In accounting, an audit trail is the sequence of paperwork that validates or invalidates accounting entries. In computing, the term is also used for an electronic or paper log used to track computer activity. For example, a corporate employee might have access to a section of a network in a corporation such as billing but be unauthorized to access all other sections. If that employee attempts to access an unauthorized section by typing in passwords, this improper activity is recorded in the audit trail.
Audit trails are used to record customer activity in e-commerce. The customer's initial contact is recorded in an audit trail as well as each subsequent action such as payment and delivery of the product or service. The customer's audit trail is then used to respond properly to any inquiries or complaints. A company might also use an audit trail to provide a basis for account reconciliation, to provide a historical report to plan and support budgets, and to provide a record of sales in case of a tax audit.Content Continues Below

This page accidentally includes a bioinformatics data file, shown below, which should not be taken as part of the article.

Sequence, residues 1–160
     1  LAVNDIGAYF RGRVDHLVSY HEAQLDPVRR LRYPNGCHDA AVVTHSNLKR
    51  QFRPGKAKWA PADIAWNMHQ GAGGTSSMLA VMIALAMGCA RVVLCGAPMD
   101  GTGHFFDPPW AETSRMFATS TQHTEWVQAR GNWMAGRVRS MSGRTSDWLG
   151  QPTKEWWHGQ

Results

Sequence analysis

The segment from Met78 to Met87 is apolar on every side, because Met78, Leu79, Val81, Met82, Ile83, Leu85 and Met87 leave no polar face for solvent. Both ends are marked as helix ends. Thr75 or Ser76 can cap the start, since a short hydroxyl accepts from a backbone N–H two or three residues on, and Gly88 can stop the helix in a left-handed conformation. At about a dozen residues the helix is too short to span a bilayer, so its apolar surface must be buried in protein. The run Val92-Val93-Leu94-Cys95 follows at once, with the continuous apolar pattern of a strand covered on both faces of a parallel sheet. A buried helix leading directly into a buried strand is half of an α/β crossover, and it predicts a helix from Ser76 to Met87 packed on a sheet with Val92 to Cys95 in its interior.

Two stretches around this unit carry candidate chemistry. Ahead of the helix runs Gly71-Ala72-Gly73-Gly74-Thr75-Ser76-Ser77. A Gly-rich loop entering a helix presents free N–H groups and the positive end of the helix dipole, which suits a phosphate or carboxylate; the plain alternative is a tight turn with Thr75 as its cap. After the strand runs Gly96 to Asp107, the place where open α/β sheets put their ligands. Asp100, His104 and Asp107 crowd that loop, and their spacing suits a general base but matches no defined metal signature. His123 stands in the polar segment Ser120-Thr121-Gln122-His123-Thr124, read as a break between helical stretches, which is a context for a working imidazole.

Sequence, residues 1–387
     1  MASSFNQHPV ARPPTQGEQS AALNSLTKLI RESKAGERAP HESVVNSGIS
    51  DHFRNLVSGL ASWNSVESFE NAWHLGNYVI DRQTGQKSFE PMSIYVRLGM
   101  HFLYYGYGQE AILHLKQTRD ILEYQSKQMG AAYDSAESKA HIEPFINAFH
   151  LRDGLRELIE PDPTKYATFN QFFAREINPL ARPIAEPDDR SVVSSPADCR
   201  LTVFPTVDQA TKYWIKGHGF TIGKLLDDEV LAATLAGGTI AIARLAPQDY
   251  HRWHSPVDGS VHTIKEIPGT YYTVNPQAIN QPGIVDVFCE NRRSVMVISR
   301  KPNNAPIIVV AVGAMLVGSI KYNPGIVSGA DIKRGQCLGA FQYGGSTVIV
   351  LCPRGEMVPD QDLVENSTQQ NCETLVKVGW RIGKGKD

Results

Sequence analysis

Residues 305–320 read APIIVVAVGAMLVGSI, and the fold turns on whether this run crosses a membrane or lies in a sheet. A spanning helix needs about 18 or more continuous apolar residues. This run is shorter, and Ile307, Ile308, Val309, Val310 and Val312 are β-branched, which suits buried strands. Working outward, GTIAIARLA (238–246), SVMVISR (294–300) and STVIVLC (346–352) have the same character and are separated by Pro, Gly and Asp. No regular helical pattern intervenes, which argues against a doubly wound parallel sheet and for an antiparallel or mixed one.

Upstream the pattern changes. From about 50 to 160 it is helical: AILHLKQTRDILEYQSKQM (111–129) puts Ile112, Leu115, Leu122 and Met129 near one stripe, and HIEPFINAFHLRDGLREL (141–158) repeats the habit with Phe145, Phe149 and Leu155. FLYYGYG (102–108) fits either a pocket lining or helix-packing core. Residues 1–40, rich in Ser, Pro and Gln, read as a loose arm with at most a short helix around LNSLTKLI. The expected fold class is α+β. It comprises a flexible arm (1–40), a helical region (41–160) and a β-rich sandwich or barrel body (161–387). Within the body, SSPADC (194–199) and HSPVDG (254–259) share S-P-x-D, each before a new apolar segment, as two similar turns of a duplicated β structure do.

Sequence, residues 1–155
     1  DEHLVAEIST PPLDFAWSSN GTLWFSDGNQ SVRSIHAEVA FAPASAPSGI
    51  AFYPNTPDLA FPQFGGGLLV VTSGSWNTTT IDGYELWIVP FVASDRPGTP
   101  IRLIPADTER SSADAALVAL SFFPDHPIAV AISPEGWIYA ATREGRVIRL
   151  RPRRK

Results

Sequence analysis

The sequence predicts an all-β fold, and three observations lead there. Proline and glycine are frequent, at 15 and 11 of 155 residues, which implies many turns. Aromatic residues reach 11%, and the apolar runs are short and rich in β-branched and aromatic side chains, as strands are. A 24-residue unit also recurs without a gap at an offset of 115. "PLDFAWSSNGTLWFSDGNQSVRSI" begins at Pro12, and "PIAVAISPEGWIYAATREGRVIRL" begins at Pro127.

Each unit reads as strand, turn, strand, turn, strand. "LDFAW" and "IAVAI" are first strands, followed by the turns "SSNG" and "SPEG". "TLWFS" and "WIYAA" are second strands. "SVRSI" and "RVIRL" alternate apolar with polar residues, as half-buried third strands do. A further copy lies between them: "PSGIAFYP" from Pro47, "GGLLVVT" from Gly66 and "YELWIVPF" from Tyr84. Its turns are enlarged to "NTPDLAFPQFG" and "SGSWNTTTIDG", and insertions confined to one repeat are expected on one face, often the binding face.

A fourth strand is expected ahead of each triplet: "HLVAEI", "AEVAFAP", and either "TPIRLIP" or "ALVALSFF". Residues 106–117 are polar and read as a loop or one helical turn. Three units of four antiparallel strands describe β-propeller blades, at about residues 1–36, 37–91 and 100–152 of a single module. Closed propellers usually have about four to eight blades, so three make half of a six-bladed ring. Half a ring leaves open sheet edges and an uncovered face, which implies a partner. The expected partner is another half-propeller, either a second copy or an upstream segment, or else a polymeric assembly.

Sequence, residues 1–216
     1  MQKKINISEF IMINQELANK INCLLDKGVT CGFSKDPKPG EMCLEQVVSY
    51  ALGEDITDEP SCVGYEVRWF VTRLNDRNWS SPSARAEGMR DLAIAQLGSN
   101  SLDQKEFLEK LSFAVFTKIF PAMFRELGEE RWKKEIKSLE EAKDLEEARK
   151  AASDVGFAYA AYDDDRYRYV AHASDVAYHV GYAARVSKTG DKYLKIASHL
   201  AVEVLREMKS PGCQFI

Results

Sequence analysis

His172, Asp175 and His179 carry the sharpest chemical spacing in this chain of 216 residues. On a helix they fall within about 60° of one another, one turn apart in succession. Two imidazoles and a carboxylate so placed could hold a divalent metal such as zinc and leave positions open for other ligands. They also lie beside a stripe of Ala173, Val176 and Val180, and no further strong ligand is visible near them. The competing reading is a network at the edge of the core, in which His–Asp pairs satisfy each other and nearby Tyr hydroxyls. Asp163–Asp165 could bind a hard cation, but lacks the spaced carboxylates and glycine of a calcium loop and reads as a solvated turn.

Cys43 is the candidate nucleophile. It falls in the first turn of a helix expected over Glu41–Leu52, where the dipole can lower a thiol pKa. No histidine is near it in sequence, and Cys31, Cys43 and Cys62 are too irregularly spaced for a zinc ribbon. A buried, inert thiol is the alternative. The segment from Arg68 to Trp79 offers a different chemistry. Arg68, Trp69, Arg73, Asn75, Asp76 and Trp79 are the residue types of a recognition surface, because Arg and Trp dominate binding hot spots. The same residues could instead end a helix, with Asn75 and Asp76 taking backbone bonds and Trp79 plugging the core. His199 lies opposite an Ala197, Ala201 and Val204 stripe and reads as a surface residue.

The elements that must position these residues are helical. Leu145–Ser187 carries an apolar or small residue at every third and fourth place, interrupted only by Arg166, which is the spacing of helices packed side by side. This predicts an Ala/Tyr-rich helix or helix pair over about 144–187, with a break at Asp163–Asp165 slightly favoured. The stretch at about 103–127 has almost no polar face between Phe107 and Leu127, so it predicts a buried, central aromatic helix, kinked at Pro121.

Audit trails are also used to investigate cybercrimes. In order for investigators to expose a hacker's identity, they can follow the trail the hacker left in cyberspace. Sometimes hackers unknowingly provide audit trails through their Internet service providers' activity logs or through chat room logs.